Paying private mortgage insurance as part of your monthly house payment isn’t all bad; there’s a tax incentive in it for you.

Thanks to the recently signed Protecting Americans from Tax Hikes Act of 2015, homeowners who pay private mortgage insurance may deduct those premiums as interest on their tax return. This deduction option applies to the 2015 and 2016 tax years.

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There are limits on the deductions, however. For PMI-paying homeowners with an adjusted gross income of more than $100,000, the amount of insurance premiums allowed to be deducted is reduced. Additionally, PMI premiums aren’t deductible for those with AGIs of more than $109,000.

Private mortgage insurance is usually required if your mortgage down payment was less than 20%. Check with your lender about dropping PMI, once your loan-to-value ratio reaches 80%. Borrowers with FHA loans also have to pay mortgage insurance but it remains in place for the life of the loan.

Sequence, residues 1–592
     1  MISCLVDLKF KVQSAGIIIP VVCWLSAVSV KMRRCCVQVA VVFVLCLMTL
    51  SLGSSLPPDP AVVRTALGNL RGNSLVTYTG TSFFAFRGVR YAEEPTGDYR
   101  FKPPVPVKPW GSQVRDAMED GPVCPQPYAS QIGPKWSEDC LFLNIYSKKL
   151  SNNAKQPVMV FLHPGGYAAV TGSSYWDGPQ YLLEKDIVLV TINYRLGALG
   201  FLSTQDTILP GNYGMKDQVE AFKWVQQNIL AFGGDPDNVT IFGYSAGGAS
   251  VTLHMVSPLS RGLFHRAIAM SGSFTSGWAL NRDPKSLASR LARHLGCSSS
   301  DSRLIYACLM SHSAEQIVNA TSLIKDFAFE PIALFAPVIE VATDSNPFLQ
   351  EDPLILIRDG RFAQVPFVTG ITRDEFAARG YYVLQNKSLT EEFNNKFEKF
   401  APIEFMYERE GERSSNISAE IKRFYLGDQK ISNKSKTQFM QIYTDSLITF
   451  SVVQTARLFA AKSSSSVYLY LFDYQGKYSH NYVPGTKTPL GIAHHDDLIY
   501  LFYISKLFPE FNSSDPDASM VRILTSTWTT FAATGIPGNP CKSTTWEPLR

Other tax breaks

Another useful tax break is the option to exclude outstanding mortgage debt — that was forgiven in a loan modification — from gross income. The extension is in effect through 2016.

For a rundown of other temporary tax break extensions and those that were made permanent, read this summary.

You’d like to get a mortgage to buy your 1st home, but don’t know where to start. Here’s some guidance.

Want to know the best way to get mortgage insurance? By shopping today for a mortgage (with a down payment of less than 20%) at Bankrate.com.

Follow me on Twitter @CrissiPonder.

 

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